Into the Snow

Into the Snow

16.95

Written by Yuki Kaneko
Illustrated by Masamitsu Saito

A Bank Street College of Education Best Children's Book of 2017


Into the Snow is an exuberant story told by a little boy who spends the day playing outside. Celebrating immediacy and exploration, along with the tender bond between mother and child, this is a story that feels good, the way all real things do.


ISBN: 978-1-59270-188-9
8.2" (W) x 10" (H) • 32 pages • HC

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AWARDS AND REVIEWS

A Bank Street College of Education Best Children's Book of 2017


★ "Working with oil pastels, gouache, acrylics, and colored pencil, Saito creates tableaux characterized by thick, soft lines, comfortably rounded shapes, and warm colors—there's hardly a hint of black or gray, and soft blobs of pink suggest cherry blossoms, further sweetening the mood. This child is not Peter on an urban odyssey; the adventure appears to take place entirely within the confines of the child's backyard. Though Mommy is nearby, she gives the child, who has recognizably East Asian features, space for delicious independence. Thrillingly cozy." —STARRED REVIEW, Kirkus Reviews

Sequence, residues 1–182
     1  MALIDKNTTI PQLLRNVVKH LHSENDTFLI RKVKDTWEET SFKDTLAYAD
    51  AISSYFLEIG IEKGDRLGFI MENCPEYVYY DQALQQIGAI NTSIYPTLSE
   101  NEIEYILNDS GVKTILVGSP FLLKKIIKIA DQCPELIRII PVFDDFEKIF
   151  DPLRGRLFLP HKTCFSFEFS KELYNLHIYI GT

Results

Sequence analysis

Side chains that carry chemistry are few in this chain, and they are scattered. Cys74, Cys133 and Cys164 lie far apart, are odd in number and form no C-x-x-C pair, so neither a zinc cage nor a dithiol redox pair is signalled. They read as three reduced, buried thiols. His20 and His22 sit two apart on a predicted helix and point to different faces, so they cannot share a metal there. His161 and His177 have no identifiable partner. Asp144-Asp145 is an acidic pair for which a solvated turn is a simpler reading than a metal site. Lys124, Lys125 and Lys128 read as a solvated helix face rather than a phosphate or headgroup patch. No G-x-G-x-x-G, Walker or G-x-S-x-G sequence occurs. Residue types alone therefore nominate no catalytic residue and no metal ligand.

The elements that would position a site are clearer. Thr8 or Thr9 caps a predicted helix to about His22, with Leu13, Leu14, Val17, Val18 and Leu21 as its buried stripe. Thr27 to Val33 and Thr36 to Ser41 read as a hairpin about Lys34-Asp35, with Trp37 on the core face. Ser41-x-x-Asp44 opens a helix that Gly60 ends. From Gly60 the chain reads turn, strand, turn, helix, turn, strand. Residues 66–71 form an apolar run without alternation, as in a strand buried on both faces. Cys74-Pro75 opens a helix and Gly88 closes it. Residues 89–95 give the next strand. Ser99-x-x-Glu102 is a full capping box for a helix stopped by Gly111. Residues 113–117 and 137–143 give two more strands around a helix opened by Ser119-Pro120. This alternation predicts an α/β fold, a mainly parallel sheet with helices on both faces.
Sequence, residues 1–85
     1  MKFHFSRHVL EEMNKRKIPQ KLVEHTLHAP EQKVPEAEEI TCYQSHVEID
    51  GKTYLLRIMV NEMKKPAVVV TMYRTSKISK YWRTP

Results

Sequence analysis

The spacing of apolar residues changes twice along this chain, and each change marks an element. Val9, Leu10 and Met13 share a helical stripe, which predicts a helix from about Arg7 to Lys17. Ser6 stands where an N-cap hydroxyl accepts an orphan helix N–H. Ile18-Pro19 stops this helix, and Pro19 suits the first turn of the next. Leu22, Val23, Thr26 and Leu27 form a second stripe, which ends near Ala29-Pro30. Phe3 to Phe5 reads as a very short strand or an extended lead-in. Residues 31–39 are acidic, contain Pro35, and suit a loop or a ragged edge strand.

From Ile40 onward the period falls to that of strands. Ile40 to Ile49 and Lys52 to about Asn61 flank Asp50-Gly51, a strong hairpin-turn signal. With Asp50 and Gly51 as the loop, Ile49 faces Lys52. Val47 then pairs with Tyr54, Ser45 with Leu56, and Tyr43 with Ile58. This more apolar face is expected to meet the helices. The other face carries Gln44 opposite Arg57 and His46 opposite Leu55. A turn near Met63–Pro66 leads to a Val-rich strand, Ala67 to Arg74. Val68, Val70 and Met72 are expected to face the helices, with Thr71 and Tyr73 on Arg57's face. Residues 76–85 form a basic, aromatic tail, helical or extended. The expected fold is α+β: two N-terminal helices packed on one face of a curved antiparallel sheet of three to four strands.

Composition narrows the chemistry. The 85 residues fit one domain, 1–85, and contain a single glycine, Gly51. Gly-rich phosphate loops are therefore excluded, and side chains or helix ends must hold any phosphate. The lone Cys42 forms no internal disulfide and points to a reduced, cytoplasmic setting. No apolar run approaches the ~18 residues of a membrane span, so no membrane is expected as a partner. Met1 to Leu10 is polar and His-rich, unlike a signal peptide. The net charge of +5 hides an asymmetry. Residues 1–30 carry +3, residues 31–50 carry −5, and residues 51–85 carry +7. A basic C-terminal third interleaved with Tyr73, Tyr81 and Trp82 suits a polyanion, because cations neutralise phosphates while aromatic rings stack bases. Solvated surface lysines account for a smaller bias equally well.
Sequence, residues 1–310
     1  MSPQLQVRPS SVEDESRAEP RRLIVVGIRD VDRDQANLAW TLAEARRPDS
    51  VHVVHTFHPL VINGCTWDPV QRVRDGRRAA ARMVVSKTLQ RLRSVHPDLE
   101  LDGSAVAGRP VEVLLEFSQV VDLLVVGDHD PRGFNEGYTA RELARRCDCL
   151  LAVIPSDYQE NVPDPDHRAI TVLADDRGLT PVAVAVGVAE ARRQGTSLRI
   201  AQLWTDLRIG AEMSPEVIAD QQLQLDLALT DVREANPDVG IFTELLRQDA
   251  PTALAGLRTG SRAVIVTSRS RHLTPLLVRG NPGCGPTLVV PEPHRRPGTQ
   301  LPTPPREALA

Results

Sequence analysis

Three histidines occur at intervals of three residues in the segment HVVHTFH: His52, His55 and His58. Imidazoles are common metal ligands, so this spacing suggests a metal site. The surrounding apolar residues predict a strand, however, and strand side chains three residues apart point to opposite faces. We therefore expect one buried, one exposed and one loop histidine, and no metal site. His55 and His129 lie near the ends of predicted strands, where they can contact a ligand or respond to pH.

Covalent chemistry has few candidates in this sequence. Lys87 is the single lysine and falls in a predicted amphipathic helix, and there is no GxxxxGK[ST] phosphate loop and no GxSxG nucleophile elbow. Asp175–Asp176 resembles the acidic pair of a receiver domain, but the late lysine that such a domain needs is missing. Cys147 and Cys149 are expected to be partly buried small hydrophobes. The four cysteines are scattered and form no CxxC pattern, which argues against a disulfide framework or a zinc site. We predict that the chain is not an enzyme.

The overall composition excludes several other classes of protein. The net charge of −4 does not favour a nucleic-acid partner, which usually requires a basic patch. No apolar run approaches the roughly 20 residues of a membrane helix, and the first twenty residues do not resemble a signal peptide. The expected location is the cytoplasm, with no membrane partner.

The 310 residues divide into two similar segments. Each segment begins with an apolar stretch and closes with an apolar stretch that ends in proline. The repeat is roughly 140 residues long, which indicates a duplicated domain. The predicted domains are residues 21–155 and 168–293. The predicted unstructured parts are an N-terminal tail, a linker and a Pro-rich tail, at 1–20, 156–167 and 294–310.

"This is an empowering read for small children who will want their own explorations on a joyous snowy day. [...] this book evokes the feel of a snow day perfectly." —Tasha Saecker, Waking Brain Cells


"Pure joy: it’s what one apple-cheeked toddler experiences as he dives headlong into the snowy day outside, and it’s what readers will feel as they follow along." —Publishers Weekly


A tousle-haired child is delighted to look out the window and find that it is snowing. After bundling up per Mommy's orders, he heads outdoors. First-person perspective lends immediacy to the text: ‘The snow is light and fluffy. It's soft and cold. Look! I've found an icicle. It is shiny and clear like glass.’ The mixed-media illustrations make good use of the textural properties of oil pastels, depicting a soft, snowy world that is still vibrant with bright color. When the child finds an icicle, the small bit of ice hanging from a snowy branch reflects the bright colors worn by the child, connecting the vividness of the experience to the muted quiet typically conveyed in winter scenes. The main action of the story concerns the anticipation, terror, and joy of a trip down the sledding hill and culminates with Mommy arriving at just the right moment to bring the child home for a cozy cup of cocoa. Pair this title with Ezra Jack Keats's classic The Snowy Day for another sensory-rich account of exploring on a winter day.” —Anna Haase Krueger, Ramsey County Library, School Library Journal


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